With fuel topped off at travel center, get a CAT SCALE reading (phone app available). Just you alone and ONLY whatever gear kept permanently aboard (never removed until you sell it).

This TARE weight is the trucks minimum. Compare scale reading against axle/tire/wheel limits. This is what determines towing capacity. That spread from this “empty” scale ticket and any from setting up hitch rigging, etc, is how to understand what’s going on.

It’s also how to set tire pressure. Which is according to Load. These are necessary baseline numbers.

New shocks (Bilstein or KONI only) and examination of bushings critical on older truck. Cheap to fix (use poly for anti-roll bars). Zero steering slop.

Steering & braking are what matter. Not engine power or “Payload”.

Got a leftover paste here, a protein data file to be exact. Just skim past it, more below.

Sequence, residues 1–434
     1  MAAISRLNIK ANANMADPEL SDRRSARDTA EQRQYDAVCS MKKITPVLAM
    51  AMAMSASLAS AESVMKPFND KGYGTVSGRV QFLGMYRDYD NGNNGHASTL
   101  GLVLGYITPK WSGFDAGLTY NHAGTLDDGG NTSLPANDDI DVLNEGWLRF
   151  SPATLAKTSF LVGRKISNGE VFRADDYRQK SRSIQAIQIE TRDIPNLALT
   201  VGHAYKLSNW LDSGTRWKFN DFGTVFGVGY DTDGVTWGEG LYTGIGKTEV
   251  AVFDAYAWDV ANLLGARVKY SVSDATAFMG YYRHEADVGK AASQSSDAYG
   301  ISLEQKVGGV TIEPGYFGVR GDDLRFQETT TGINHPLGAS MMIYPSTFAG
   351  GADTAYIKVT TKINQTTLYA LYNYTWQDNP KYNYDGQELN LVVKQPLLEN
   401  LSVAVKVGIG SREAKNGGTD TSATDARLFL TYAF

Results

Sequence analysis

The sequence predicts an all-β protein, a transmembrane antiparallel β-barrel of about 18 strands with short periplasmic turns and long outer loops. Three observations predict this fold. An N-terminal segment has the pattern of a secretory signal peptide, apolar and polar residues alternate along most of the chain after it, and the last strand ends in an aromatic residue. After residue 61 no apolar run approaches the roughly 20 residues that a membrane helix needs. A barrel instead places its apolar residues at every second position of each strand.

The baseline for FE is loaded & hitched for a camping trip. Full fresh water & propane. Three scale passes. First with, and then without weight distribution hitch tensioned. Then drop trailer and scale last time. All passengers aboard.

(Hitch adjustment is essentially that first and third weighings show the same Steer Axle value).

That third pass is part of how to determine “what is the proper mpg for this rig”? It’s the “A” of an ABBA test where B is with the trailer. 40% drop solo in towing is the standard at or under 60-mph. Worse than that needs examination. Same roads and 100% constant use of cruise control; as the actual mpg figures aren’t important, it’s the tightest spread from Loaded/Solo to Loaded/Hitched that matters).

Both vehicles

1). Alignment
2). Brake drag
3). Bearing preset
4). Book maintenance to date.

With the “Camping Weight” recorded , you can duplicate it at any time for testing your new tow vehicle .

MICHELIN LTX or Bridgestone DURAVIS tires only.